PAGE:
Ainda 'tou a trabalhar, pá!

It's a shame that today had to be like it was, especially after such a nice weekend. Started out okay: woke up at a reasonable hour, read until the radio came on, listened to the news, looked out the window and saw the sun shining, put a washing on, had a shower, had breakfast in the cafe downstairs, then caught the train to the uni. Things went downhill from there. Got to my office and started working, then I found out that someone I have never met is blaming me for something that I am supposed to have done, but which I haven't, since I've never touched the thing that I am supposed to have done 'it' to - whatever 'it' may be, which I don't know, because this person refuses to tell me or anyone else what I'm supposed to have done. Apparently this person has a reputation for trying to blame other people for her mistakes, so no-one believes her anyway... it's just that she is not letting us use her article until this whatever it is is sorted out, and my boss has now got to the stage where he has told me to forget about using her paper. Which, whilst understandable, is unfortunate, because it means that I now have to arrange another article to take its place - and the only reserve paper I have needs to be translated by Friday - and it's over 25 pages long, and it is on a complicated subject that I know very little about. So, through no fault of my own, I am left with the task of either translating the article myself, or arranging for someone else to translate it on the understanding that they might get paid come the next financial year. Unsurprisingly there are not very many takers. The upshot of all this was that I was still up at the uni. slogging away over a hot keyboard until after 9pm. I didn't get anything to eat until past 10pm, when I had Bacalhau com Natas in my favourite restaurant. I'm feeling slightly more upbeat now, but I know it won't last, because I have to face it all again tomorrow. I never thought that I would ever truthfully say that I am disappointed that I will not be able to spend all day tomorrow in the National Library!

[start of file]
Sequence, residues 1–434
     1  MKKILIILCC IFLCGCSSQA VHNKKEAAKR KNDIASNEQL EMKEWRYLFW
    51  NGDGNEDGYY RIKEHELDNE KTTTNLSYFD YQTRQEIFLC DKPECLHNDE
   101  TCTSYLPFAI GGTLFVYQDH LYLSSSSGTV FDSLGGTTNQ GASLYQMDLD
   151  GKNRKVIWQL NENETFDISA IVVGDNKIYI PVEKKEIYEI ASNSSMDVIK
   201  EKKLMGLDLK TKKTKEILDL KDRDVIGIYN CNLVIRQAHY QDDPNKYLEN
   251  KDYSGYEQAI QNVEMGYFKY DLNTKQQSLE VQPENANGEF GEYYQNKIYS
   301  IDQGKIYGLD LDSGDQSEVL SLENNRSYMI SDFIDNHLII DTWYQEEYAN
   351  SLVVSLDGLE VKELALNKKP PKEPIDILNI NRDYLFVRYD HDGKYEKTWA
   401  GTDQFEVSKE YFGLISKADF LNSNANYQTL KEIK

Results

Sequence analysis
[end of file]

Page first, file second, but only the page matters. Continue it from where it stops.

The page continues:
O beijo

I slept the sleep of the righteous in Pedro's spare house beside the beach (yes, that's right, spare house). I woke up this morning, looked at the sun shining on the sea, stood on the verandah and just soaked it all in. I had time to help Linda with her essay, then I went for a walk along the beach and something to eat at a beachside cafe. I met up with Pedro, Helena and Lucas and we drove out to a neighbouring village where we teamed up with José - a friend of Pedro's who is also a professional photographer as well as a very accomplished artist. More coffee was imbibed, then it was back to the house for a huge lunch. While Lucas was having his afternoon sleep, Pedro and I went down to the shore to take some more photos before we all headed out to Batalha - along with José and his wife, Ana, who is also a photographer - where we made the most of the gorgeous weather and the beautiful cathedral that was built in the middle ages as thanks for Portugal's victory over Castile at the Battle of Aljubarrota. It was an absolutely glorious day in every way, and I would like to thank Pedro and his family for making me so very, very welcome. Thank you all.


Pois, pois... umas partes tem, outras não!

Adventure. Yes, that's the correct word. Last night we (or rather I) managed to polish off three bottles of delicious red wine while sitting talking with Alexandre and Sílvia about everything and nothing. Before we knew it it was very, very late... well, actually, it was early morning. A spare bed was found onto which I collapsed and promptly fell sound asleep. I woke up early, however, and decided that I had better shake a leg and do all the things I had to do before heading up to São Martinho to visit Pedro and his lovely family. I discovered a wonderful technological thing today - USB memory sticks! I was so overawed that I just had to buy one. Purchase made, I headed back to the flat where I showered, changed and used my new memory stick to download Linda's essay from my email on Charles's networked computer onto my non-networked laptop. Magnificent thing that it is (smaller than a pen), it worked perfectly. I did what I had to do with the essay, saved it back onto the stick, then emailed it back to Scotland on Charles's computer again! Ablutions and chores complete, I headed back over to Sílvia's where I had my lunch and waited for my lift to Pedro's. We didn't get away until the back of 2pm - and Pedro was expecting me about 3.30! Sílvia (it was all her fault) wanted to take the coast road to São Martinho rather than the motorway. I managed to get a compromise - back roads to Torres Vedras, then motorway. We stopped off en route to have some pão com chouriço (and some pão sem chouriço too), and enjoyed wonderful vistas of Mafra. We passed Gibraltar on the way (seriously, we did). Pedro and Helena were very understanding about my arrival almost 3 hours later than planned. I'm sorry Pedro, but it was all Sílvia's fault... honest!


Olha para mim!